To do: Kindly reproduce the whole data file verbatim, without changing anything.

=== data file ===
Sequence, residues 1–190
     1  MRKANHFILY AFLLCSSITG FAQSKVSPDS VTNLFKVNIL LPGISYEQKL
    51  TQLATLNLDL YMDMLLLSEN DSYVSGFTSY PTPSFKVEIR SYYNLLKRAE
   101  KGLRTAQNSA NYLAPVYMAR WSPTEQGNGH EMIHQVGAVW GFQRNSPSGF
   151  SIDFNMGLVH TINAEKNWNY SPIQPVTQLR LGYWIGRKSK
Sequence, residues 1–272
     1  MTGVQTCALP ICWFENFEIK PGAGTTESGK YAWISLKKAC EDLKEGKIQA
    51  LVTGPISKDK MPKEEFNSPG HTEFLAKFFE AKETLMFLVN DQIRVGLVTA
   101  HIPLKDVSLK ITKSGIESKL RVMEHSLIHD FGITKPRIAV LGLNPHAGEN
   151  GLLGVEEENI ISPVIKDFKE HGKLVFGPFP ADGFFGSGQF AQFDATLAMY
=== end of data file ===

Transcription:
Sequence, residues 1–190
     1  MRKANHFILY AFLLCSSITG FAQSKVSPDS VTNLFKVNIL LPGISYEQKL
    51  TQLATLNLDL YMDMLLLSEN DSYVSGFTSY PTPSFKVEIR SYYNLLKRAE
   101  KGLRTAQNSA NYLAPVYMAR WSPTEQGNGH EMIHQVGAVW GFQRNSPSGF
   151  SIDFNMGLVH TINAEKNWNY SPIQPVTQLR LGYWIGRKSK
Sequence, residues 1–272
     1  MTGVQTCALP ICWFENFEIK PGAGTTESGK YAWISLKKAC EDLKEGKIQA
    51  LVTGPISKDK MPKEEFNSPG HTEFLAKFFE AKETLMFLVN DQIRVGLVTA
   101  HIPLKDVSLK ITKSGIESKL RVMEHSLIHD FGITKPRIAV LGLNPHAGEN
   151  GLLGVEEENI ISPVIKDFKE HGKLVFGPFP ADGFFGSGQF AQFDATLAMY